Often referred to as the land of Gold and Oil, Brunei is an interesting destination in Southeast Asia. Brunei is a strict Muslim country with a Sultan known for his extravagant palace which has over 2,000 rooms and houses his collection of 5,000 cars. The country is located in the middle of Malaysian Borneo, and if you are travelling from one side of Borneo to the other, chances are you’ll pass through here. This country is small but worth stopping in for a day or two to explore the main city of Bandar Seri Bagwan.
Brunei is on the pricey side when it comes to accommodation and in Bandar Seri Bagwan (BSB) there is really only one budget hostel to stay in, Villa Dadap. Here a hostel bed is around $15 USD and when we visited the owner was very helpful with transportation and pick up/drop off from the airport or bus station. That is pretty much the only budget option, other than that hotels in the centre are between $30 – 150.
Money Saving Tips
Apart from accommodation and food you will find it difficult to spend money in Brunei, buying alcohol is next to impossible, food is pretty cheap and there are no expensive activities or any unique shopping options.
Buses run frequently between Brunei and Malaysian Borneo, whether you are heading North or South buses are easy to come by. Similar to Malaysia check www.easybook.com to see bus timetables in and out of BSB.
TIP: If your passport is short on pages, you may want to consider an inexpensive flight. The bus ride will pass through approxiately 7 checkpoints between Malaysia and Borneo and you will receive 13 stamps.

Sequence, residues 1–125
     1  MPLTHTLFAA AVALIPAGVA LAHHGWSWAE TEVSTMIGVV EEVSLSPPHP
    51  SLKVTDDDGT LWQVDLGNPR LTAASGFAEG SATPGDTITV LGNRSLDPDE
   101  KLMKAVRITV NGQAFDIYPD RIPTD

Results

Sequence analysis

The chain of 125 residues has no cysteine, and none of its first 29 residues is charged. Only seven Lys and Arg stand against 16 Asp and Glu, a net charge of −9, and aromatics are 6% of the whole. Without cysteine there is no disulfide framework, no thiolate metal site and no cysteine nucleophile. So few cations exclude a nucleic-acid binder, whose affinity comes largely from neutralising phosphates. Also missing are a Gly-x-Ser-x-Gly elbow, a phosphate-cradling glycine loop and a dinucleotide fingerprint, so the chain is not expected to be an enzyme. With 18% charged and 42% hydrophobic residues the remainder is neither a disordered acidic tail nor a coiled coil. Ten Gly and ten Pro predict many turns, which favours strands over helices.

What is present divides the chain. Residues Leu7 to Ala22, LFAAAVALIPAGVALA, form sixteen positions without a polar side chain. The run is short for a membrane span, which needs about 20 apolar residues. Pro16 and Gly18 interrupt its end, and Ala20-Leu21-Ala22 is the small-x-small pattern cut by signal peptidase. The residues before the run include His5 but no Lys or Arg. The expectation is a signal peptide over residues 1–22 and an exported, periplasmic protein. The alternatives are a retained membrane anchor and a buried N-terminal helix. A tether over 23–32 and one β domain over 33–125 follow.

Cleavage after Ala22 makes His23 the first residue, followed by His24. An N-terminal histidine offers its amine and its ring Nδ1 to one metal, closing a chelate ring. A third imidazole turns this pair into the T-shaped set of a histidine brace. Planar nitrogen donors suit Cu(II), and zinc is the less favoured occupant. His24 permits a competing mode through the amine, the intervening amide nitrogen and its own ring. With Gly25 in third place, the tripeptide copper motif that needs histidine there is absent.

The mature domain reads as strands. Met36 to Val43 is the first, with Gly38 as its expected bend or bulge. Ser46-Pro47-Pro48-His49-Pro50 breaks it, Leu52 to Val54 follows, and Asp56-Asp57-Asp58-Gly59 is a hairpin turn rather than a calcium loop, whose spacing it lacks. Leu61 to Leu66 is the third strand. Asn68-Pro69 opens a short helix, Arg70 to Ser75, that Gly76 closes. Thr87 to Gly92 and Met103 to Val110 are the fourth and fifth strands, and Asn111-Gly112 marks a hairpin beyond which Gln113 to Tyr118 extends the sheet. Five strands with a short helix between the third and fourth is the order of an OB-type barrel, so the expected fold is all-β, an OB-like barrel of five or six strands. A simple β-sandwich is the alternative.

Public buses run all around Brunei, any journey costs $1 (Brunei Dollar) no matter how far you go, so getting the public bus is an easy way to get around BSB. However buses stop at 6pm. The locals are very friendly and many will stop and offer to give you a ride if you are staying on the outskirts of town like we did at Villa Dadap.
In the whole of Brunei there are only 50 taxis and most of these are camped out at the airport so getting a taxi at night is almost impossible The people of Brunei are incredibly helpful so hitchhiking is always an option.
Where To Eat
The food in Brunei is almost identical to that in Malaysia, which surrounds the country and as such is pretty delicious but not as cheap. Local restaurants serve up decent sized meals for $2, and there is a night market where pretty much everything costs $0.70, so it’s easy to get a decent meal for under $2.
Best Time To Visit
Between June and September is high season, with January through May being the cooler months to visit when the climate is more dry with lower temperatures. We’d personally recommend you avoid visiting during Ramadan as the laws are strictly enforced so you can’t eat or drink anything in public (including water) between sun up and sundown.
If you visit at the end of Ramadan the Sultan opens his palace for 3 days and invites everyone in the country for an end of Ramadan party and a chance to see the palace up close.
Surprisingly Malaysian sim cards don’t work even in their close proximity to Borneo. If you are only visiting for a few days don’t bother trying to get one, they are the most expensive sim cards in Asia and will not be worth the investment for a short visit.
Alcohol & Smoking
Banned in Brunei, you need a license to bring any alcohol into the country (which is easy to acquire at the airport or borders). You can’t drink in public and can only drink in your private residence or hotel room, there is one secret bar in Brunei which is incredibly hard to find, research online and you may have more luck than we did. Smoking is also not allowed except on private property and away from public roadways. You will not be able to purchase any alcohol or tobacco products in this country.